#define IMAGE_FIRST_SECTION( ntheader ) ((PIMAGE_SECTION_HEADER) 
              ((ULONG_PTR)(ntheader) + 
              FIELD_OFFSET( IMAGE_NT_HEADERS, OptionalHeader ) + 
              ((ntheader))->FileHeader.SizeOfOptionalHeader 
))

\
\
\
\


The formula takes into consideration that the optional portable executable headers are, well, optional. Allowing for their expansion, the previous structure, file headers, defines their size. With the intent of having a standard way to expand this structure, the expectation is that the value SizeOfOptionalHeaders is always greater than the minimum defined by the standard. However, that isn’t checked by the formula above. It simply expects that the section table is always after the optional headers.

Fiddling with the math a bit, it becomes obvious that for the section headers and the security data directory to overlap perfectly, the value which the SizeOfOptionalHeaders field should have is 0x70. That positions the section and the Authenticode signature location pointers in the described inverse order. And, since this region is skipped during integrity validation, its content is arbitrary.

During the preparation phase, for this Authenticode integrity validation bypass, a simple portable executable file is created. It has a single section with no physical content. Its security directory and section headers overlap. Its image size is sufficient to hold the certificate content after the image is signed. Its code and dependency information are placed within the region of the file that doesn’t yet exist, but will after the file is signed. All of which would make it look like the following image.

Breaking the Linux Authenticode security model

And that is the key to breaking the integrity validation, placing the code within the region not covered by integrity checks. Which is exactly what the region after the Authenticode signature is. Authenticode allows itself to be expanded in order to support more advanced code signing features such as cross and dual signing, both of which are features designed to enhance the overall security of the code signing process.

However, arbitrary code and data can be placed within that region. The tricky part is getting that code and data loaded into memory. And that is exactly what we’ve been able to do with the procedure described above.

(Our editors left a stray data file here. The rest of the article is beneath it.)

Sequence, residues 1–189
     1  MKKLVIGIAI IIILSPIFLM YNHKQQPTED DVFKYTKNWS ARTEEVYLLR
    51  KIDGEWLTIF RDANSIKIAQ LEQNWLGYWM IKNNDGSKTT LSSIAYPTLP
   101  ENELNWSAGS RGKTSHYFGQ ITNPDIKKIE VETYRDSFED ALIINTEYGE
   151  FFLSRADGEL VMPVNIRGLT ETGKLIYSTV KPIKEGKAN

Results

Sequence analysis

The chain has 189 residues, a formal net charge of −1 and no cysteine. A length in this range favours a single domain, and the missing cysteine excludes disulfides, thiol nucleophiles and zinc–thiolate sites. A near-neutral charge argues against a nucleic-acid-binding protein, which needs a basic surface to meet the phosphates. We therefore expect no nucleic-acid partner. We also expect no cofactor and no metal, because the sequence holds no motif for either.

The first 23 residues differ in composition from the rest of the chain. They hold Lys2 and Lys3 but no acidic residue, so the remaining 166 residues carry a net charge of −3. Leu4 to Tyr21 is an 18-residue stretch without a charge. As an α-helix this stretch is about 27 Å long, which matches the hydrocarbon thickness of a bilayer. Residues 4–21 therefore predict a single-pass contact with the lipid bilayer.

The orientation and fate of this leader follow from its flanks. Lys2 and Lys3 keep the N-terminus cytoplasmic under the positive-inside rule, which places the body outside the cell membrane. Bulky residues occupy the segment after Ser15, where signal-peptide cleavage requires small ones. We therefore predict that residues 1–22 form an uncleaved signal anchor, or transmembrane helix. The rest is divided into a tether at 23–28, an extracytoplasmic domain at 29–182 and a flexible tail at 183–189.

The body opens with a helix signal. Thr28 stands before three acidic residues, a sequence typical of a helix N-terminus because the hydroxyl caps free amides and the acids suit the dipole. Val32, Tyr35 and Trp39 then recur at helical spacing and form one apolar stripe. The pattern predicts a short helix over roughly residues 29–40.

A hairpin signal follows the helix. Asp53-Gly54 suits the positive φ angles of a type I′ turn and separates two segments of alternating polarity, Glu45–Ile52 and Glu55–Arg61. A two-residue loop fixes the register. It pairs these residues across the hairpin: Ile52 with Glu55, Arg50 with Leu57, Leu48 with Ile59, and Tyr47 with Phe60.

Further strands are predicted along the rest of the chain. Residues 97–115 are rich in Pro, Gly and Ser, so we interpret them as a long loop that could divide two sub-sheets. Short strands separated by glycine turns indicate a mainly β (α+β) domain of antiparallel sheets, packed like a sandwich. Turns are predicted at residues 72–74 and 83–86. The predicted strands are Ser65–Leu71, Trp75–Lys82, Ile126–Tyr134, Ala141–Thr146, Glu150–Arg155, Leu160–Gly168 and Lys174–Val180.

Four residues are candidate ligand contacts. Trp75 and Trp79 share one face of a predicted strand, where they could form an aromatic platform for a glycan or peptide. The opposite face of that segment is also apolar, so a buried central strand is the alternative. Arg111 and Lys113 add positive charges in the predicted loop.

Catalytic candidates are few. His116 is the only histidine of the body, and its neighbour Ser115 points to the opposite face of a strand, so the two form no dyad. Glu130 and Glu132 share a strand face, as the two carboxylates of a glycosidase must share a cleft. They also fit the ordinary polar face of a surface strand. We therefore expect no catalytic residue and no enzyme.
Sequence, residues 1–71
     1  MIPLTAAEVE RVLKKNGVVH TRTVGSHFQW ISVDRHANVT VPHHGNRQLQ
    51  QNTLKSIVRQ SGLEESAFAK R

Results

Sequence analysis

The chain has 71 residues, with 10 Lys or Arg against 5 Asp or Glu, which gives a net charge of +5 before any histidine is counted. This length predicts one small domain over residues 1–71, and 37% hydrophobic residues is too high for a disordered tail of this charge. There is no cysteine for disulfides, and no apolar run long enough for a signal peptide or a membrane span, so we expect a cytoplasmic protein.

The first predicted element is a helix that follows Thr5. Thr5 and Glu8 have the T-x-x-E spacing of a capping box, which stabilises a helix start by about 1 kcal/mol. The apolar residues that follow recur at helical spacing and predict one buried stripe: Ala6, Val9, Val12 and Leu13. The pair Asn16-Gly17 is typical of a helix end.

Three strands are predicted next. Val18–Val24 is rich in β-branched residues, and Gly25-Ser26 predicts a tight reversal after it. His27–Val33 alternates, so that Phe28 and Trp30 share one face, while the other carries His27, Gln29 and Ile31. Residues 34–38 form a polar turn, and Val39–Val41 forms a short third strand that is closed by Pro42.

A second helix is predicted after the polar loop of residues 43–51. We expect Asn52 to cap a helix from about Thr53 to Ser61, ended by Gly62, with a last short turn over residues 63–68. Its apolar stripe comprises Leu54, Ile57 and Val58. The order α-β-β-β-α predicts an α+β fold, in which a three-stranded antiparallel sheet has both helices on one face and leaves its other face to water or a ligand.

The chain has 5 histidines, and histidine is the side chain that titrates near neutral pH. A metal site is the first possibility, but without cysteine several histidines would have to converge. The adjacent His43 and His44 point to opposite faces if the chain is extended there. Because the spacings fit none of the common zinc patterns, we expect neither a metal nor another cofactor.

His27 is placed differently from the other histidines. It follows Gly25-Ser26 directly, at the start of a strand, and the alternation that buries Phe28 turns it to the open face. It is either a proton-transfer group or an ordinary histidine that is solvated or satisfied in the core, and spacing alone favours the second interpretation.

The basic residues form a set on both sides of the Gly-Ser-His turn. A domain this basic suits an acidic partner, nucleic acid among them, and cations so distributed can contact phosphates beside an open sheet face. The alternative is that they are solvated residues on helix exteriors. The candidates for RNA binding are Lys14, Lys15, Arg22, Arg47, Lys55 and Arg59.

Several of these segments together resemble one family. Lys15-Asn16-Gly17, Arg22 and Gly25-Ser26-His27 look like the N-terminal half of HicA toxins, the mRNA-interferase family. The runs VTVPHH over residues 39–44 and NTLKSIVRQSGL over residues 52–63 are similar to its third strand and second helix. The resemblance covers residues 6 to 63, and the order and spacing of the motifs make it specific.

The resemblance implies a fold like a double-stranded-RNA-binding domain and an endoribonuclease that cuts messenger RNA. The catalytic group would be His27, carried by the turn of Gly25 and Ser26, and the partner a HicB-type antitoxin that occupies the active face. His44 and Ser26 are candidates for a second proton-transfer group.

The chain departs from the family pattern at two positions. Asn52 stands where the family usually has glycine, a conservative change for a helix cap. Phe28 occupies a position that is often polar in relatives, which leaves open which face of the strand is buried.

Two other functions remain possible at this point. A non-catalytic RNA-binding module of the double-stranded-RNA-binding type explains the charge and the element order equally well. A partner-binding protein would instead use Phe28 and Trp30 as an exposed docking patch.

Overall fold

The following image shows both the original and the modified files with their Authenticode signature validation responses in two open source tools.

osslsigncode authenticode integrity validation


osslsigncode authenticode integrity validation

chktrust authenticode integrity validation


chktrust authenticode integrity validation


Both of these open source tools are victims of improper documentation. There are some unwritten rules when it comes to authenticode integrity validation, prerequisites for which are header malformation checks. Those prohibit overlapping, required by this attack, to occur in the first place. Such signature gets discarded as invalid, which is why Microsoft’s authenticode validation fails to find it even within these specially crafted files.

Unfortunately lack of such header malformation checks is very common. It is, therefore, more than likely that other projects that implement their own Authenticode validation suffer from the same shortcomings. It can be easily checked by the developers and maintainers of such project.

While interesting, this attack isn’t very practical. Because there’s a preparation phase involved, no existing Authenticode signature can be modified without breaking the envelope integrity. Every application signed before this publication remains just as secure as it ever was. Following the best development practices and secure development lifecycle procedures will still result in organizations publishing safe code.

ReversingLabs solutions understand the dangers of extended Authenticode signatures, and they actively prohibit whitelisting when such cases are encountered. More importantly, they alert the developers that such behavior introduces risk, and that it should be avoided. Those notifications are just a small piece of a larger picture in which ReversingLabs solutions enhance secure code development.

Code signing is here to stay, and doing it properly is more important than ever.

Affected products:

osslsigncode
chktrust (.NET Mono toolchain)

Disclosure timeline:

06/24/2019 - Found no contact for osslsigncode (dead project)
06/24/2019 - .NET Core plans on rewriting chktrust before inclusion

Demonstration files:

mono.signed.A.exe - 47B70A4C484C6A00D186B4028B735B3DA24A8EAC53FCB94A73E52BAB091624EA
mono.signed.B.exe - 087F77C03B2B8080B00FFA2543D908B500F209698831789A319117339FE18E6F
oss.signed.A.exe - DA86BBEFBCB4EB8BD68E98C4AFEF9AE4B0742DEBF153681EB6682B3995E00F8E
oss.signed.B.exe - DEC054A93242308E5A9C4D36ED11D35CD1788AC31E6D75853FAAA3C6E94B536F